U.S. & World Coin News and Articles

Tips on Using PCGS CoinFacts #6

One of the most useful tools on the PCGS website is the Auction Prices Realized. This mountain of data is a compilation of all major auction sales since the early 1990s, including everything from common coins in great condition to super-rarities that only appear once every generation. In general, most experts and users of this information believe that auction sales represent the fairest and most accurate pricing data available. Unlike private transactions, which can be difficult to verify, most auction sales are conducted in public venues where the sellers and buyers are known to just about everyone. Nowadays, auction houses do not report buybacks or instances where an item failed to sell, thus eliminating the bulk of sales that might have been subject to manipulation. What this leaves are actual transactions between willing buyers and sellers – the optimum situation for fair pricing.

As of this writing, PCGS provides just under 2.7 million individual auction sale records reported by 42 different firms. The auction records go all the way back to B. Max Mehl's 1941 sale of the Dunham collection and are as up-to-date as the Heritage and Teletrade sales held in November 2013.

Harnessing the power of this information is easy, and can be accomplished in one of two different ways. Perhaps the easiest and quickest way is to log into your PCGS CoinFacts account, enter a PCGS number or search for a particular coin, then scroll down to the ValueView section, where Auction Prices are displayed under their relevant grades. As a user, you may click on any of the links and go to a more detailed page -- in many cases, you will jump to the seller's website, where the original page for the sale might be displayed, including images, the catalog description, and much more.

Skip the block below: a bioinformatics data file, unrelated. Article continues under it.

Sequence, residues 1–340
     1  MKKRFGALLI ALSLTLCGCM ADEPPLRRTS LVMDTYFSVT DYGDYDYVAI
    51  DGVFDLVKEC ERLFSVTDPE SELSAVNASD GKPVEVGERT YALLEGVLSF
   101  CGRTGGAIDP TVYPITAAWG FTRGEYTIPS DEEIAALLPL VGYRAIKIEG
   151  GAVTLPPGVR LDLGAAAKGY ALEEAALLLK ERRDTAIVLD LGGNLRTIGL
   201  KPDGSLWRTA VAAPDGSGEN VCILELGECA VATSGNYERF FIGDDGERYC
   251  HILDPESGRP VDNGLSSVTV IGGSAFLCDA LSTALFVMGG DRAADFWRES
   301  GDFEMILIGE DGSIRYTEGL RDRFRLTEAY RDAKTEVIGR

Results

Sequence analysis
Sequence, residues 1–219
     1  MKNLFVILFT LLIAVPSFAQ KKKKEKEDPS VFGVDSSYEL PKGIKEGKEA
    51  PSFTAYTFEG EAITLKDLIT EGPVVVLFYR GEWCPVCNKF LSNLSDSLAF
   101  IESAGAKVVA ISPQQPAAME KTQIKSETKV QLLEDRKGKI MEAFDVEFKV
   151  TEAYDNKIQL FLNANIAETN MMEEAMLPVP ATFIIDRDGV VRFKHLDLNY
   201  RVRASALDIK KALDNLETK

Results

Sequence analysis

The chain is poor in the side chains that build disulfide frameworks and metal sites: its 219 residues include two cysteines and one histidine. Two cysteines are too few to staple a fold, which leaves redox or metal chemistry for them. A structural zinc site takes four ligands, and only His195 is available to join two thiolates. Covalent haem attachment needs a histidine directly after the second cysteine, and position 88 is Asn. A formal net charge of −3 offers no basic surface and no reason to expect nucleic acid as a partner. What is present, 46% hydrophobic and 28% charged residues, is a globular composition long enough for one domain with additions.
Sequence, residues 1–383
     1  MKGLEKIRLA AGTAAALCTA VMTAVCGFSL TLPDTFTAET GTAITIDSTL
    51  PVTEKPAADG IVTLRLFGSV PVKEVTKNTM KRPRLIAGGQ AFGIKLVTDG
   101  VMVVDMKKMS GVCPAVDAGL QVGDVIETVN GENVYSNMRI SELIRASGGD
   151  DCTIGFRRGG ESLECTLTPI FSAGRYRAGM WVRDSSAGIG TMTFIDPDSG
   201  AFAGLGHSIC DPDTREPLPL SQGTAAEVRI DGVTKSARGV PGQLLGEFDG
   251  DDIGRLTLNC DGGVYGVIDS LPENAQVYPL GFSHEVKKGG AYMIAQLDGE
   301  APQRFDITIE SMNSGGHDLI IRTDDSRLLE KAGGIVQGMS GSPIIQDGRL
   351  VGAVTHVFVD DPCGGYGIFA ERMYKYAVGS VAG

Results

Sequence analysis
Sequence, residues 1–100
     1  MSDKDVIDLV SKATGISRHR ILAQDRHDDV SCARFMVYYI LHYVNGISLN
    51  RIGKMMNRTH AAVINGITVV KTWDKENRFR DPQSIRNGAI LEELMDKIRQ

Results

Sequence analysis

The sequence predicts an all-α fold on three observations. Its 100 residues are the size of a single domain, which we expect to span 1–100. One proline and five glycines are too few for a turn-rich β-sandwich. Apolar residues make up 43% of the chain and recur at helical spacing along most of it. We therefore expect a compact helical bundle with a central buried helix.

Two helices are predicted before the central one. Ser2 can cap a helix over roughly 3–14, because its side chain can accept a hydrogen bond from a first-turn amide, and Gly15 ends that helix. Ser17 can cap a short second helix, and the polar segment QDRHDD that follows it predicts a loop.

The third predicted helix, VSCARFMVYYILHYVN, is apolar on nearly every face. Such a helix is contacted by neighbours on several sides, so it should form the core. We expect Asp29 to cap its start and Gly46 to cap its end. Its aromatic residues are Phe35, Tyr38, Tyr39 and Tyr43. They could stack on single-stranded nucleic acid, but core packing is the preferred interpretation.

A second way to locate the Auction Prices Realized is to visit the PCGS Auction Prices home page at http://www.pcgs.com/AuctionPrices/default.aspx. There you can follow a link to a list of all the auction firms surveyed, the number of their sales PCGS has included, and the total number of lots each auction house has submitted. In some cases, the numbers are staggering. For instance, Heritage alone has supplied over 1.39 million sales records.

From the PCGS Auction Prices home page, you can enter a PCGS number or find your favorite coin by using the PCGS CoinFacts-style drill-down menus. Once you arrive on the page for an individual coin, PCGS provides a listing of all auction records for that coin, including all related coins with differing designations. In other words, a Brown copper coin will include tabs for Red-Brown and Red examples, plus a tab for ALL designation. Results may be filtered using a number of different search criteria, and the results can be sorted in a variety of different ways, such as from the highest price to the lowest, or vice versa.

If you're an active buyer or seller or if you want to see market trends and historical prices, be sure to include the PCGS Auction Prices as part of your arsenal of information.

Ron Guth is President of PCGS CoinFacts. He has been active as a coin collector, dealer, writer and auctioneer since his introduction to numismatics in 1964.
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